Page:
It says that you should beware of the local gin because the fermentation process may yield methanol which is toxic. This is of course pure BS. Fermentation of sugars into alcohol cannot ever lead to methanol, it's impossible. The reason why the gin is toxic is probably that unscrupulous vendors dilute the relatively pricey gin ( ethanol ) with methanol. If you're not carefull when doing that you may end up with a concoction with too much methanol in proportion to the ethanol which will blind or kill people.
Simple fermentation of sugars can not and will not ever yield toxic amounts of methanol. It's simply impossible and stating otherwise is ignorant and misinformative.
Dictatorship, democracy, or something in between?
The current thumbnail description of the government of the DRC is "Dictatorship; claiming to be undergoing a transition to a representative government." Yet they've had elections. Isn't the system more like an imperfect republic, but only in the parts of the country the government controls? But what's the best brief way to describe that? "Elected president, limited control"? Ikan Kekek 16:35, 23 June 2012 (EDT)
Freedom House in 2011 ranked the DRC 138th out of 150 countries for democratic governance, so I'm not sure that's what I would call it. Running elections is just one piece of the pie, and electoral corruption, or in this case, simply killing human rights activists, journalists, or people who try to run against the government, undermines their purpose. The Soviet Union ran elections every year.
But more importantly, we have agreed to get rid of that field from the Quickbar, replacing the old fields with the shorter and more useful list in Template:Quickbar/working. I think the main reason we haven't finally gotten around to replacing them is just a disagreement over whether they should be at the top of the page, or at the top of the understand section. --PeterTalk 11:15, 25 June 2012 (EDT)
I wouldn't take what Freedom House says as Gospel, but I definitely take your points. And if this is going to be replaced soon, I won't concern myself with it. If the disagreement drags on for a long time, we should eventually revisit this. Ikan Kekek 17:55, 25 June 2012 (EDT)
The last few elections have been reasonably fair, under very intense scrutiny by the UN & US/European monitors, including the most recent in Nov. 2011. Minority political parties have more influence in the political process than at any time since independence. Not completely sure that "dictator" is the right word to describe the government. The majority party and current president (Joseph Kabila) have a very good control over politics, but Kabila's party and allies are only about 200 of the 500 parliament seats. The rest are split among several dozen small/regional parties, which represent local issues or are formed to follow a particular candidate (since travel/communication is so bad around the country). So I don't even know if the term "authoritarian" is warranted. The "democratic governance" is probably due to the corruption & domineering at the local level in handling elections and crackdowns on protests. You can't expect a 180-degree change in attitude among people & politicians after life under these circumstances:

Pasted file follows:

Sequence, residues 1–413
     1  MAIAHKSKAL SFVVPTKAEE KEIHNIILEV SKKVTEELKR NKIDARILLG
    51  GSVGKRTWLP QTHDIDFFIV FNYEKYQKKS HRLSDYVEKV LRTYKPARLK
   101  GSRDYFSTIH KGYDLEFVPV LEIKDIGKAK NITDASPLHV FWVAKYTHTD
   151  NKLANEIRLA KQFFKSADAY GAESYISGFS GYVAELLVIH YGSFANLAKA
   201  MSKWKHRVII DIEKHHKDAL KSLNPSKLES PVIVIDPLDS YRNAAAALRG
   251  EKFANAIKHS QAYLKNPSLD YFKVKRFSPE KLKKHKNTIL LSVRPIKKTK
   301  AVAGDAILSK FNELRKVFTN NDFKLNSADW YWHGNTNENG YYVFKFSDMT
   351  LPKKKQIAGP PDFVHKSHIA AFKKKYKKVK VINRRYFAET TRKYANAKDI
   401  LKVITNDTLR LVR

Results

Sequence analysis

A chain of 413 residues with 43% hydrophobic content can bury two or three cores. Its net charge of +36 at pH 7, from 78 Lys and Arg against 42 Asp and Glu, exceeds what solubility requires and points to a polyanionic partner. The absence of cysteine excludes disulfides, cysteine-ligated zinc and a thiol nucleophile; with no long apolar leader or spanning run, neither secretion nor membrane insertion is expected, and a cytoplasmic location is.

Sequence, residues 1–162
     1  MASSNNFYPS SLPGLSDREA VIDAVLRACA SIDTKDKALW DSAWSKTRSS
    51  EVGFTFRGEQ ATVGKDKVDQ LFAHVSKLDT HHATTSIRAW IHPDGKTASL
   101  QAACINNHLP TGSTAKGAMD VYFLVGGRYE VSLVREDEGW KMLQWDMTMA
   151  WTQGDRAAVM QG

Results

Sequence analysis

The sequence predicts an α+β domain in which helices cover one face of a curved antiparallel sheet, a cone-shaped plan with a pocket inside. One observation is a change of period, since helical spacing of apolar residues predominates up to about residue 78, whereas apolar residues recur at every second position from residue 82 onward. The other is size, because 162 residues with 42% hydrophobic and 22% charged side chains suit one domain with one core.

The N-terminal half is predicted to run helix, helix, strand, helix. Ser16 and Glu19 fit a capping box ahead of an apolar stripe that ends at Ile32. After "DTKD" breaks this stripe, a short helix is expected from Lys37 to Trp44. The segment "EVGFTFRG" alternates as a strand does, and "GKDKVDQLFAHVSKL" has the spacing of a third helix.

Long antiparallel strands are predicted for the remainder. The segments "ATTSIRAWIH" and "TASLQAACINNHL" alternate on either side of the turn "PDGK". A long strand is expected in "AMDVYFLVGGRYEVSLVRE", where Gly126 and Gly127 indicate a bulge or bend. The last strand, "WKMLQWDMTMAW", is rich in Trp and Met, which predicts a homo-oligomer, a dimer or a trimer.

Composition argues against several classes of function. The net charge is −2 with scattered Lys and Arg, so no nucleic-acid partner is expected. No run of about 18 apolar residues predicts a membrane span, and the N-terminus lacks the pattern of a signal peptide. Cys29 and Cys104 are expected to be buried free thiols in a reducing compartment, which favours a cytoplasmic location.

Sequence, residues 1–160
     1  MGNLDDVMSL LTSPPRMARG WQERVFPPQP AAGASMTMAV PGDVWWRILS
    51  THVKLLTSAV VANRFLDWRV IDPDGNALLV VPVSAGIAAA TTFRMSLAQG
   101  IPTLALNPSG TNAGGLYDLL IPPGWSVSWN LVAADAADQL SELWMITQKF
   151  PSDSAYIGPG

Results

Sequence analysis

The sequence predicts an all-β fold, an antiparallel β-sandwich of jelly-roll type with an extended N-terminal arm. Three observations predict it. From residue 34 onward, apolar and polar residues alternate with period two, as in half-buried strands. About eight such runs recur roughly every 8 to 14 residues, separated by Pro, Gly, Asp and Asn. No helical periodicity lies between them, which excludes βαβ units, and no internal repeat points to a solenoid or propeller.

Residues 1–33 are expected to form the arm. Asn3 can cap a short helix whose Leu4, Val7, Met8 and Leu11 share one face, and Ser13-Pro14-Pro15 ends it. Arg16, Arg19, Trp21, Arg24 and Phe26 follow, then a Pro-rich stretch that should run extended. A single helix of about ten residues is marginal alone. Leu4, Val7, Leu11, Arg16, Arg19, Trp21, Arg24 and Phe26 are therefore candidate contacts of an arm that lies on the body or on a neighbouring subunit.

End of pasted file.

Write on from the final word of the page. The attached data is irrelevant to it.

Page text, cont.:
Mobutu who ruled from 1965-1996 was basically a ruthless dictator for most of his reign torturing and/or publicly hanging political rivals, banning any political opposition (except to a limited degree after 1990), creating a cult of personality, and basically controlling the whole government. For much of his reign, he basically only worked to enrich himself (over $5 billion in Swiss bank accounts) and his family & friends. With economic collapse/deflation, corruption became the only way the local governments functioned. My personal favorite is ordering all Congolese to drop their European names and adopt African ones, renaming himself from Joseph Mobuto to Mobutu Sese Seko Nkuku Ngbendu Wa Za Banga ("The all-powerful warrior who, because of his endurance and inflexible will to win, goes from conquest to conquest, leaving fire in his wake.")
In 1996 rebel leader Laurent Kabila rolled into Kinshasa, suspending the constitution, declaring himself president, and never ever stood in elections between 1996 & his assassination in 2001. Not a whole lot better
His son Joseph Kabila then became president. Peace agreements to end the civil war allowed him to remain president (albeit shared power with 4 "vice presidents" from opposition), but carried the framework of a transition to a multi-party government & Kabila was elected president in 2006 in the first multi-party election since one in 1960 upon independence (international community donated $460 million to carry out & monitor it and UN & EU peacekeepers prevented violence/intimidation at polls). Kabila was re-elected in Nov. 2011.
So not really a free democracy to the Western extent, but not a dictatorship or even an authoritarian regime either. AHeneen 21:13, 25 June 2012 (EDT)
The warningbox at top is packed with useful information, but I think aesthetic concerns might suggest moving the bulk of that information to the Stay safe section, with a prominent section link from the warningbox. --PeterTalk 14:00, 25 July 2012 (EDT)
Done & I think the length is ok, but still a bit long. AHeneen 01:13, 27 July 2012 (EDT)